By coach: Green Line operates daily services from London Victoria Coach Station.

    Note: There is no visitor car parking at the Castle. No shelter from the rain or the wind. It might be unpleasant waiting outside the palace ( a long line until you buy your tickets) - if it is raining outside. With the London Pass you can skip that and get into the much shorter "fast track" line.The Admission Centre is at its busiest between 09:30 and 11:30, so you may like to consider arriving after 11:30.  Very important: BUY YOUR TICKETS BEFOREHAND! You get to go right in and not wait online. Buying your ticket through the web will give you the rare opportunity to skip the queue and go straight to security check. Photography and filming are not permitted inside the State Apartments, the Semi-State Rooms or St George's Chapel.  Eating and drinking are not permitted in the State Apartments or St George’s Chapel but only in the outside grounds. Visitors wishing to leave the Castle for refreshments in the town may obtain re-entry permits from the Castle shops or the audio return point. Once inside the grounds, the crowd thins out a bit as there is much to see. But, lines begin inside for the main exhibits as well. The guided outside tour is included in the admission price and certainly worth the additional time. Pick up your free audio headphone guide, comes in really useful during the whole tour as it explains wonderfully the history of the palace and the royals. The free audio tour is very informative and easy to use.

    Duration: Allow 1 day for the transportation, queuing-up and the visit itself.  A typical visit lasts 3-4  hours.

    Opening times:

    March to October
    Open daily 09:45-17:15
    (last admission 16:00)

    November to February
    Open daily 09:45-16:15
    (last admission 15:00).

    St. George’s Chapel is closed to visitors on Sundays. The Castle is closed: 25-26 December, 18 April, 20 April  (closed until 13:00), 16 June,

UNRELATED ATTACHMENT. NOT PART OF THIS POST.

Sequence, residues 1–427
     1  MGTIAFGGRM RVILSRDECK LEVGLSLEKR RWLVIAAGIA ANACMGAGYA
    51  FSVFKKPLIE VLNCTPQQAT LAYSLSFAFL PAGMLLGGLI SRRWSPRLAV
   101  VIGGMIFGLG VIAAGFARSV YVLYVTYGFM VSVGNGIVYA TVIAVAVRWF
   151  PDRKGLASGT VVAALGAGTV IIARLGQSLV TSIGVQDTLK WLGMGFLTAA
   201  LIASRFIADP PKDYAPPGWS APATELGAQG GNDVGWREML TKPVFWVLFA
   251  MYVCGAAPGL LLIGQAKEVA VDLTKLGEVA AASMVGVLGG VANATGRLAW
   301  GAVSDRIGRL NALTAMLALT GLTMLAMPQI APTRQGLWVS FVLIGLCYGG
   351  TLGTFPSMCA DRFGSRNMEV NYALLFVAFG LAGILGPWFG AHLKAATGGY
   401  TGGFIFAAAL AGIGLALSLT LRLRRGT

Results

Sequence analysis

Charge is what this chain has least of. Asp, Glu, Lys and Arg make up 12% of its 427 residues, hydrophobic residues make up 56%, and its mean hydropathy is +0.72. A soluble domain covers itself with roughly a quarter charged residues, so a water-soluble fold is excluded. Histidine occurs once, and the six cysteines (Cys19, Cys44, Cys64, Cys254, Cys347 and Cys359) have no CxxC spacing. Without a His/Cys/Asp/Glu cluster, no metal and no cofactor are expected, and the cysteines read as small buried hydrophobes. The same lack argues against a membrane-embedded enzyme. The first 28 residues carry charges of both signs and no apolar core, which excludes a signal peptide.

25-26 December.

    Admission prices: very expensive. Standard: Adult £17.75, Over 60/Student  £16.15, Under 17 £10.60, Under 5 Free, Family £46.50 (2 adults and 3 under 17s). With these prices you get 1-year pass:  free re-admission for a year if you buy your ticket directly from the palace tickets office. At the end of your visit, don’t forget to ask a Warden to stamp your ticket to convert it into a 1-Year Pass. It's not a cheap day out, but well worth it.

    Highlights: The Castle is a real highlight. Follow the moat wall around and go onto the North Terrace where you will have fine views of the countryside. This is the oldest occupied Castle in the world. The lavishly furnished and decorated State Apartments are amazing and will far exceed your expectations. Also Queen Mary's Doll's House and St. George's Chapel are a must do. The changing of the guard, with all it's pomp and splendor- is far more grand than the changing of the guards at Buckingham Palace. After touring the castle walk around town, lots to do there as well. All in all, an inspiring day.

    The castle is not only a great historical monument of British royal heritage, it is also one of the current official residences of the Queen and her family. See and feel what is was like to be Royalty through the ages. Windsor castle's exterior is not the most impressive of castles, but once you take a step inside to its interior, Windsor Castle has no rival. The state rooms are filled with priceless artifacts. The rooms are splendid and large. It really is a trip back in time. It has some of the most fascinating treasures accumulated by the British over time - including the throne and swords of Tipu Sultan (those of Indian background would know him as the Tiger of Mysore). It's also good to see the incredible restoration work completed by modern day craftsmen and women following the horrific fire in year 1992.

    See the guard changing at 11.00. - Awesome!  You can go through St. George's Cathedral at 10.00 and get your place for the changing right outside at about 10:30. The ceremony lasts about 30 minutes. For most of the year Guard Mounting takes place on alternate dates, but it is held daily (except Sundays) from April to July. The new guard, accompanied by the band, march from Victoria barracks, up Sheet Street, left into the High Street, past the Parish Church and the Guildhall, then turn right onto Castle Hill by Queen Victoria's Statue and into the Castle.